How to Keep Your Cool in Thailand

There Powderis a Thai phrase that goes “jai yen yen” which you might hear a lot while in Thailand. It basically means “keep your cool” or “calm down”. It is mainly aimed at defusing an argument between two people or if it seems like you are getting hot under the collar about something. A Thai person would tell you to “take it easy”. Which is basically what the Thai people are expert at 24/7. On the surface they never seem to take anything seriously. Nothing seems to bother them. Even work has to be fun for them otherwise they will quit and go and work elsewhere. When I first came to Thailand, so many things bothered me. Little things like the Thai inability to keep an appointment. As an Englishman, if someone set a time for an appointment I would move mountains, and sweat buckets, in order to meet that deadline. But, for Thai people, their attitude is that they will get there as soon as they arrive. And not a moment sooner. Which, of course, is the key to keeping a different kind of cool in Thailand. It is the answer to why foreigners seem to sweat far more than Thai people.

The longer you stay in Thailand the more you change and become assimilated to the local culture. You don’t always know that this is happening. It only becomes obvious when you return to the culture of your birth which is what I did recently. Living in Thailand for so long now, people in the land of my birth say that I have become docile. That I am no longer pro-active. Which is true. I am more accepting of events around me now. If I am driving to an appointment and there is a bad traffic jam, then it doesn’t worry me so much now. There is nothing I can do about it so I shouldn’t stress myself. If anyone talks about me as I walk around a new town, and say things like “there is a farang coming”, then I ignore it and just smile at them. They have probably never met a foreigner in person before and I have just given them something to talk about for the rest of the day.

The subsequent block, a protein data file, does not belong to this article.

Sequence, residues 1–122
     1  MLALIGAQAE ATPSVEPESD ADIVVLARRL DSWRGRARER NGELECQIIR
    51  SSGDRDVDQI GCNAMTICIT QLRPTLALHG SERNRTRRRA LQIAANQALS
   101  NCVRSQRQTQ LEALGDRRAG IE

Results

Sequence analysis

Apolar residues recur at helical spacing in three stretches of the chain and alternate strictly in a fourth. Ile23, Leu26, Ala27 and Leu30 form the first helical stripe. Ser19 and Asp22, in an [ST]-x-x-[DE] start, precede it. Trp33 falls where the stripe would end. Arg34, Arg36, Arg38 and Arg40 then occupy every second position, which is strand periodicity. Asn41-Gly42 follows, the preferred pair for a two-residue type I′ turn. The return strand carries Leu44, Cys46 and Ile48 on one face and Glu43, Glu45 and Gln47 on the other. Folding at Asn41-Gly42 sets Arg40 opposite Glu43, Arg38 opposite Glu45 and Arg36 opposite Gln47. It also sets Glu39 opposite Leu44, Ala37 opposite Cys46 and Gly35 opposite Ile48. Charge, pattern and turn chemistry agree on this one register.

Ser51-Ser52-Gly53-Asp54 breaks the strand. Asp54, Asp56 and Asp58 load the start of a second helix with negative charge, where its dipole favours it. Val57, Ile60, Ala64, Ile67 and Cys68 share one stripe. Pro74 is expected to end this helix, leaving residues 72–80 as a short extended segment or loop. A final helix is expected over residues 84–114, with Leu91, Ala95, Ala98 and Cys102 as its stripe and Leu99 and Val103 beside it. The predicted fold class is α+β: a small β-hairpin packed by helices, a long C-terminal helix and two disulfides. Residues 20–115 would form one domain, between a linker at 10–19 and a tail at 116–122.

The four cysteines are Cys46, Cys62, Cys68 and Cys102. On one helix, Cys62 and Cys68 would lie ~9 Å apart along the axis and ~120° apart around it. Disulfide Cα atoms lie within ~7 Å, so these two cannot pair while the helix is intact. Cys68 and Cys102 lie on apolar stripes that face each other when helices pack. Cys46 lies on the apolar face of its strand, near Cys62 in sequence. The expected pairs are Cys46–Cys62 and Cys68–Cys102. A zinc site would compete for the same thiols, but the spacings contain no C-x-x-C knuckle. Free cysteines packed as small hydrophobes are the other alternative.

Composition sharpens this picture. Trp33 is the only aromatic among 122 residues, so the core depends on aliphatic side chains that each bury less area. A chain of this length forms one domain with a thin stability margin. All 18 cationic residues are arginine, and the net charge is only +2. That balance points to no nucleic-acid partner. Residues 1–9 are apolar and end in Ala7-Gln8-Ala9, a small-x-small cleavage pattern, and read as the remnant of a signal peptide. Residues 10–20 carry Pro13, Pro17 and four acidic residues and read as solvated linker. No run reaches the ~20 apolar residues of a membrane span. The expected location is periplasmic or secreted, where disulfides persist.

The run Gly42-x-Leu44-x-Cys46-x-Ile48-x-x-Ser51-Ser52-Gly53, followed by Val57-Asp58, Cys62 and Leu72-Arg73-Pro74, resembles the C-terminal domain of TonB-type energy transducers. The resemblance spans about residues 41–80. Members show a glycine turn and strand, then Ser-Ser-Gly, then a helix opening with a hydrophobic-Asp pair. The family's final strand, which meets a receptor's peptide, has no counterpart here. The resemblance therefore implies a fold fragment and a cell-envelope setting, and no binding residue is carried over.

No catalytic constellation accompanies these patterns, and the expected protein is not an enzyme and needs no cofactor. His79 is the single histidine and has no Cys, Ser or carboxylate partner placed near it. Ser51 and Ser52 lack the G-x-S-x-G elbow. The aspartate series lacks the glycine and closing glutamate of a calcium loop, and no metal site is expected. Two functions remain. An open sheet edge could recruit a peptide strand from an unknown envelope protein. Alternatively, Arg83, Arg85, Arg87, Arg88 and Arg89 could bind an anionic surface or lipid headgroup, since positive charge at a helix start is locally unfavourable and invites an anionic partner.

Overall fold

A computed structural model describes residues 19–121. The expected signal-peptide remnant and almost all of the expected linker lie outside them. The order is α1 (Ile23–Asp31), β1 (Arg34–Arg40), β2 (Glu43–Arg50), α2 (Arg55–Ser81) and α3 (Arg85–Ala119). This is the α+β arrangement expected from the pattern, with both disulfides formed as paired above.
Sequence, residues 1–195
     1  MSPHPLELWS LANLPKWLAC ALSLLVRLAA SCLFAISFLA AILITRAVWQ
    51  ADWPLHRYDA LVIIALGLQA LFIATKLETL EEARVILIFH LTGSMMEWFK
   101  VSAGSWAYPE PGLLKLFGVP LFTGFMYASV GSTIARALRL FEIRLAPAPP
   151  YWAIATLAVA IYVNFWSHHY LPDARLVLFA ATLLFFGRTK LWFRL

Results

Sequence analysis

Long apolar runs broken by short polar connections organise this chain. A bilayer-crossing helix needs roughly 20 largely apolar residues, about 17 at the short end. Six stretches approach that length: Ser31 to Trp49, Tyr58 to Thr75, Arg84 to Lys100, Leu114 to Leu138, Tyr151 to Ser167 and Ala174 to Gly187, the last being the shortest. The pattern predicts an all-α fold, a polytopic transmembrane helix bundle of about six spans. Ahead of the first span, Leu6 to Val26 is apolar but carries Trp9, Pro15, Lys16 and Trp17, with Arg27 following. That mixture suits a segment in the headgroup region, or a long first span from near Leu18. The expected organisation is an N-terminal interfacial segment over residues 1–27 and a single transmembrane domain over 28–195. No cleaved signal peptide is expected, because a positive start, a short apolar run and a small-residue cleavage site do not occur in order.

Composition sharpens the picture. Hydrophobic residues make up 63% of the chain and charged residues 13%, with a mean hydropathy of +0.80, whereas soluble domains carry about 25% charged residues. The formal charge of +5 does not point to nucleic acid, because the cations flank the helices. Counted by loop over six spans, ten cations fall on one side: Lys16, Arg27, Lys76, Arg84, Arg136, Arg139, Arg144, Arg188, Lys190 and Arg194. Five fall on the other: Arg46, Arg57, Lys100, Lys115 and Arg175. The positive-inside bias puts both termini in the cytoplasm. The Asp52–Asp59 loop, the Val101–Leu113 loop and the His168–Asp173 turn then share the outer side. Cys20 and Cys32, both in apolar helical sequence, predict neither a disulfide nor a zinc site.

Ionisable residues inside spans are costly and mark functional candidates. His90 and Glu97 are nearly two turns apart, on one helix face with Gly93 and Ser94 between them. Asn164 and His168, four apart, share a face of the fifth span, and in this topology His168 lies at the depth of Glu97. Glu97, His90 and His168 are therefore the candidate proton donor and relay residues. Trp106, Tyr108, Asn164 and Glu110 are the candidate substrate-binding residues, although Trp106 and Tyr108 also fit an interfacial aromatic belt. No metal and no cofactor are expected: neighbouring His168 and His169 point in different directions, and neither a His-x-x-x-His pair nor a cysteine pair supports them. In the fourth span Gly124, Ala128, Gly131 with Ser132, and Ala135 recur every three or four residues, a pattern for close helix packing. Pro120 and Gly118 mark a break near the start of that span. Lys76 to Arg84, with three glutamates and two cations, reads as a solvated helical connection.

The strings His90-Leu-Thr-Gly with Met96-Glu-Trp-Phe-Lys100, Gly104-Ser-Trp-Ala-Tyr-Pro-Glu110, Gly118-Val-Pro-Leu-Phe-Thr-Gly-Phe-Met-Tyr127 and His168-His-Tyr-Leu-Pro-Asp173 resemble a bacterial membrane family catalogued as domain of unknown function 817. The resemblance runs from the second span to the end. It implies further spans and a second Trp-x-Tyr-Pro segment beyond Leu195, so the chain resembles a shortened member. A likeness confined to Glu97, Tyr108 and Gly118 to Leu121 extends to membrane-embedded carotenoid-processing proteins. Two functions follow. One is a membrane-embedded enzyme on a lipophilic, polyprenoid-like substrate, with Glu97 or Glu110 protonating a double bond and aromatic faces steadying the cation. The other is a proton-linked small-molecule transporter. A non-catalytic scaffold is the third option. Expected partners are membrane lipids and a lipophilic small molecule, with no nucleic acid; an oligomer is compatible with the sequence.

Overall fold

An obvious way to stop sweating so much is to slow down. Look around you. How do Thai people walk? Do they walk with long strides with their arms swinging back and forth? Do you ever see them run to meet an appointment on time? No, and that is one reason they don’t sweat so much. They take it easy and just stroll down the street. They also make good use of any shade available. So they walk in the shade of trees or buildings. They shield their face with a newspaper or magazine. At bus stops, they don’t stand in lines parallel to the road. However, they do often stand in a straight line under the shadow from the bus stop pole. These are all good tips because once you start to sweat, (loose your cool), then it is downhill from there.

You might ask about the motorcycle taxi drivers and other people who can wear jackets in the mid-day heat. How do they keep their cool? When I first came to Thailand I used to sweat a lot and had to often take a shower. I couldn’t understand how Thai people could wear so many layers of clothing when I wanted to do the opposite. For me it was important to wear the minimum amount of layers that decency allowed. Which basically meant a shirt and tie without undervest or jacket. But I still sweated. I would go home with my shirt sweat stained. Thai people are generally too polite to say anything, but they are very fussy about personal hygiene – not only their own, but other people’s too. That is when I started wearing an undervest.